is obtained from an tree over with a star on () by subdividing every edge once, putting the subdividing vertices in , and letting whenever subdivides the edge ; or

is obtained as in (P2) from the disjoint union of two graphs in graphs and constructible over , in such a way that there exists a separation such that

for every with incident edge and every with incident edge ;

neither nor is a leaf separation^{6}^{6}6These are separations with a leaf [6]. in ;


(see Figure 7). Any graph arising as in (S2) will be said to have been obtained from and by amalgamating with .
Thus in (S2), is obtained from and by identifying, for some , all the leaves of with leaf separation with all the leaves of with leaf separation and contracting all the edges at the identified node into one new amalgamation vertex .
Checking that as obtained in (S2) is again an graph is straightforward: conditions (i)–(iii) from the definition of graphs carry over from and , while (iv) holds because whenever and there are and such that
where the inequalities hold by (iv) for and . (In Figure 7, for example, we have in , because in and in .)
6 The General Duality Theorem
We can now state and prove the most general version of our duality theorem. It looks for consistent orientations and allows in arbitrary subsets (equivalently by Lemma 3.1, weak stars) rather than just stars. On the dual side it offers only graphs rather than trees as witnesses when such an orientation does not exist, but we can choose whether we want to use constructible or arbitrary cusped graphs.
Theorem 6.1.
Let be a finite separation system. Let and . Then the following assertions are equivalent:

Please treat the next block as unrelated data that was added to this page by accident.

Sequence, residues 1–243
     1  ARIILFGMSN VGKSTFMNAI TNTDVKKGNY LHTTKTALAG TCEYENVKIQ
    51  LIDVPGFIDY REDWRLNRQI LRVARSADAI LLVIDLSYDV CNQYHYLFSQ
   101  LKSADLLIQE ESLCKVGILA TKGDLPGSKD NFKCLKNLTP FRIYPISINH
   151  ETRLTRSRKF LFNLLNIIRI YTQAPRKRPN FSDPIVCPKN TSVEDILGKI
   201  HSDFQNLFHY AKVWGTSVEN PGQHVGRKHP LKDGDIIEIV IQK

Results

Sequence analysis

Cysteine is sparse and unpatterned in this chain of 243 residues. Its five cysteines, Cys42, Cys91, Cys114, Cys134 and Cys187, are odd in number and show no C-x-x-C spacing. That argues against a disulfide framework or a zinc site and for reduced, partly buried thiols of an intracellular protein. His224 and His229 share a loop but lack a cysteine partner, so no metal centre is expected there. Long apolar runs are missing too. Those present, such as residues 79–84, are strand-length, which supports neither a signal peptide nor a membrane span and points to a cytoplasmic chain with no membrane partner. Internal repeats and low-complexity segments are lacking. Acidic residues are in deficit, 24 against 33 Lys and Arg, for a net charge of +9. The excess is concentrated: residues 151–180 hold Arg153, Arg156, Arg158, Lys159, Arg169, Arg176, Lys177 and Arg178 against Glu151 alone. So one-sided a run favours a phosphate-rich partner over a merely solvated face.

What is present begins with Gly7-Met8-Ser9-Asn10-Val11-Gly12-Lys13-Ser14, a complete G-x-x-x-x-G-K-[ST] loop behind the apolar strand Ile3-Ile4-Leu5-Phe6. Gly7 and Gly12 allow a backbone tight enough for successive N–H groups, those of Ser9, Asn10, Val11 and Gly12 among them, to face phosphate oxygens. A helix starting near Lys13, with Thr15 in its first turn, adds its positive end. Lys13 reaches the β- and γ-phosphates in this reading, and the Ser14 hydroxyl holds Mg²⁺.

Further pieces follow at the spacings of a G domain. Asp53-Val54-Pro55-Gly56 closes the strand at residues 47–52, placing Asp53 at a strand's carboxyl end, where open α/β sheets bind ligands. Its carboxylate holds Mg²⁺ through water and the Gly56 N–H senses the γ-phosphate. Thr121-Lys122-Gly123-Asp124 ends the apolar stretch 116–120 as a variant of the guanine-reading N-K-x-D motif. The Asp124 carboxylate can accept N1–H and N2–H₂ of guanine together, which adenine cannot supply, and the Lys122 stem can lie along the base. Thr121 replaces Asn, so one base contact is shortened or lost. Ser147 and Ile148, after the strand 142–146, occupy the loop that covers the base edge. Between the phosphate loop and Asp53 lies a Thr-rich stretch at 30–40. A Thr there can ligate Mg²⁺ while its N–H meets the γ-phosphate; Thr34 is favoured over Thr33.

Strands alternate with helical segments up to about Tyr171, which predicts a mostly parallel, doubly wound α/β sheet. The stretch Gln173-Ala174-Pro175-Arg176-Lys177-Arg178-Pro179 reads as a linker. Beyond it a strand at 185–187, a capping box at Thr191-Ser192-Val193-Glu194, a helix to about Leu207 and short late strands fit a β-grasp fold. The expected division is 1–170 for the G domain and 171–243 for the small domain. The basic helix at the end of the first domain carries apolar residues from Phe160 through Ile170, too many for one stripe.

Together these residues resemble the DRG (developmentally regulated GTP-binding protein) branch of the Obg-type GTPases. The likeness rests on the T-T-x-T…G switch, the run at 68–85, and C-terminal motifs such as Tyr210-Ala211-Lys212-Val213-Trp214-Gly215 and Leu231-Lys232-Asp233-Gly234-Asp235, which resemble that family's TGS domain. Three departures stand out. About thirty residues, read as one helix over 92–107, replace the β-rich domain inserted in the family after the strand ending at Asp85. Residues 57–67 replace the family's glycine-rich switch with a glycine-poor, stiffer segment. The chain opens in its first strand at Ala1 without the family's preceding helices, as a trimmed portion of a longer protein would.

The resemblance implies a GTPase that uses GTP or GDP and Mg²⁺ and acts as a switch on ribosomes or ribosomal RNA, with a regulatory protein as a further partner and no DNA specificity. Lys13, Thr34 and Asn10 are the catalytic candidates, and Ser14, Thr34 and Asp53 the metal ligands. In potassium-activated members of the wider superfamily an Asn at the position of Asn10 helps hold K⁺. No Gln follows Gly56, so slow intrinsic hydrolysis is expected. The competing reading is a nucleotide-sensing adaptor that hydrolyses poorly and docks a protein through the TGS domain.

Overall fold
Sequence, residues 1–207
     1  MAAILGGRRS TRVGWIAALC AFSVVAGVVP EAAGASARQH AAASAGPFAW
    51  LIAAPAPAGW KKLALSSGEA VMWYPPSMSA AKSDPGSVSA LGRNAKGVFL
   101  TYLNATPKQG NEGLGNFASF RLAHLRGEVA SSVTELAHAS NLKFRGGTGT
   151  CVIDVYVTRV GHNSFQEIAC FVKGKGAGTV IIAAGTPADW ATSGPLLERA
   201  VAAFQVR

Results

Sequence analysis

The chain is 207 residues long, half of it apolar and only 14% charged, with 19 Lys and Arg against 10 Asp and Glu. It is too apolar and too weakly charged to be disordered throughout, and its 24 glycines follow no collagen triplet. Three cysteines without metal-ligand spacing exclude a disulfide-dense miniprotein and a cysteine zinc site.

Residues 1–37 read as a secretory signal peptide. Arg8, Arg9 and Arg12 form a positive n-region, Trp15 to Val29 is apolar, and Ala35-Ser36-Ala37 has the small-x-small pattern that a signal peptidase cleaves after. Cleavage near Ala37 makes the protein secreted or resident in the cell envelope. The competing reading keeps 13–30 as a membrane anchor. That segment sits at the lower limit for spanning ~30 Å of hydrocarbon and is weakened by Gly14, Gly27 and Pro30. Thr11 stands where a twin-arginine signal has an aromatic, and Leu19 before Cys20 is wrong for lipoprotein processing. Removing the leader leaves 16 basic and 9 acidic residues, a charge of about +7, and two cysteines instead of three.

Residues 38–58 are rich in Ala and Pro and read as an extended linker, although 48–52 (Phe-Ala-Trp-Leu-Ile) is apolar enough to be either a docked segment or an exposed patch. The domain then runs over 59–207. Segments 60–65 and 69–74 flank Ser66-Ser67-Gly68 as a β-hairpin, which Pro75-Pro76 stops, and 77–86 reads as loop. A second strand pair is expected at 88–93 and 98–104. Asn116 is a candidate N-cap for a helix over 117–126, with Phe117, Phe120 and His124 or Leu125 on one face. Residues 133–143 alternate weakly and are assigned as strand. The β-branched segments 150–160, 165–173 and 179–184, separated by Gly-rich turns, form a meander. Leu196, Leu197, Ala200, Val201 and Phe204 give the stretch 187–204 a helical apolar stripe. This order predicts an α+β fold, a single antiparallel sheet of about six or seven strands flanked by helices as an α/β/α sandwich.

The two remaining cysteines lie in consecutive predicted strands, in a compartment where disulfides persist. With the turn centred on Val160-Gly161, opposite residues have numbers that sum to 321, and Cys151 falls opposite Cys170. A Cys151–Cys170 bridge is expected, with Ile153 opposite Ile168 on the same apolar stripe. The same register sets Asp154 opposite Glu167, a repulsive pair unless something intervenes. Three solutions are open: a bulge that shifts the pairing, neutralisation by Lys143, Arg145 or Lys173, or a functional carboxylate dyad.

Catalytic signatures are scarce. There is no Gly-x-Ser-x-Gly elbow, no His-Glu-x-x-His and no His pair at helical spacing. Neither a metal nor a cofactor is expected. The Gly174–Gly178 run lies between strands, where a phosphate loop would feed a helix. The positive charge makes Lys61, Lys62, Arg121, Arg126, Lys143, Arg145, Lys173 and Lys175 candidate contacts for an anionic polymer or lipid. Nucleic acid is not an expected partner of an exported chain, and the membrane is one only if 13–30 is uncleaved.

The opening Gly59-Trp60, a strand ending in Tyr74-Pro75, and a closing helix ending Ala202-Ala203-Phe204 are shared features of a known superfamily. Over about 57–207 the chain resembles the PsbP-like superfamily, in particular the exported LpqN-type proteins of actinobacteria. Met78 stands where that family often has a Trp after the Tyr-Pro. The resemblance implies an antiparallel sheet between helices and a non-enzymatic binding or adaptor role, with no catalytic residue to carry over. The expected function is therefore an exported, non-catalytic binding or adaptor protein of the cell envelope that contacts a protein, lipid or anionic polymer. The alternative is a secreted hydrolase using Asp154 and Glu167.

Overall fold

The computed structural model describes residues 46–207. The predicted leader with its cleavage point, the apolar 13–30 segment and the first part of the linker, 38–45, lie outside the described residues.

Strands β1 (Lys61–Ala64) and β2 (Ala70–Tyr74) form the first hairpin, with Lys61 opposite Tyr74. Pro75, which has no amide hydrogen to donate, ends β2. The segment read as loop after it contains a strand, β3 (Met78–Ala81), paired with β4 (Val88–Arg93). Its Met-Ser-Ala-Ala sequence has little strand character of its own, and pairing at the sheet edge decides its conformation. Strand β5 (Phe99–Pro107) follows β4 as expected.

There exists a consistent avoiding orientation of extending .

There is no cusped graph over rooted in .

There is no graph over and rooted in that is constructible over .
By Lemma 3.1, we may replace in (i) the set with the set of weak stars or the set of minimal weak stars in to obtain an equivalent assertion; we may then leave (ii) and (iii) unchanged or change there as well, as we wish.
By the same argument, it will not be possible to narrow the class of graphs allowed in (ii) and (iii) to any inequivalent subclass just by restricting in this way. For example, since Theorem 6.1 fails when we replace ‘graph’ with ‘tree’ (Example 4.2), it will still fail with ‘tree’ when we restrict to or .
Proof of Theorem 6.1.
(i)(ii) Let be a consistent avoiding orientation of , and suppose there is an graph over rooted in . Let be given with partitions and at vertices , as in the definiton of cusped graphs. Now consider the orientation of that induces via : orient an edge from to if , and from to if (and hence ).
The fact that extends while is rooted in , the fact that avoids while is over , and the fact that is consistent while the edges of at vertices can witness inconsistency, then imply the following:

at every node at least one incident edge is oriented away from ;

at every vertex either all edges in or all edges in are oriented away from .
This contradicts Lemma 5.1.
(ii)(iii) follows from Lemma 5.2.
(iii)(i) Suppose first that contains separations witnessing inconsistency, with say. Let be a path , and put and . Let and , as well as and . Then is an graph as in (iii), completing the proof.
We now assume that contains no such . Then is a consistent partial orientation^{7}^{7}7A partial orientation of is an orientation of a symmetric subset of [6]. of . We apply induction on .
If , then itself is an orientation of extending . If (i) fails, then has a subset . Let be the vertex set of an star with centre and leaves . Subdivide every edge by a new vertex , and put these in . Let and , for . Then is an graph as in (iii), completing the proof.
Thus we may assume that has a separation such that neither nor is in . Let and . Since any orientation of extending or also extends , we may assume that there is no such orientation that is both consistent and avoids .
By the induction hypothesis, or trivially if or is inconsistent, there are constructible graphs and over , rooted in and , respectively. Unless one of these is in fact rooted in , contradicting (iii), has at least one leaf , with neighbour say, such that , and has at least one leaf , with neighbour say, such that .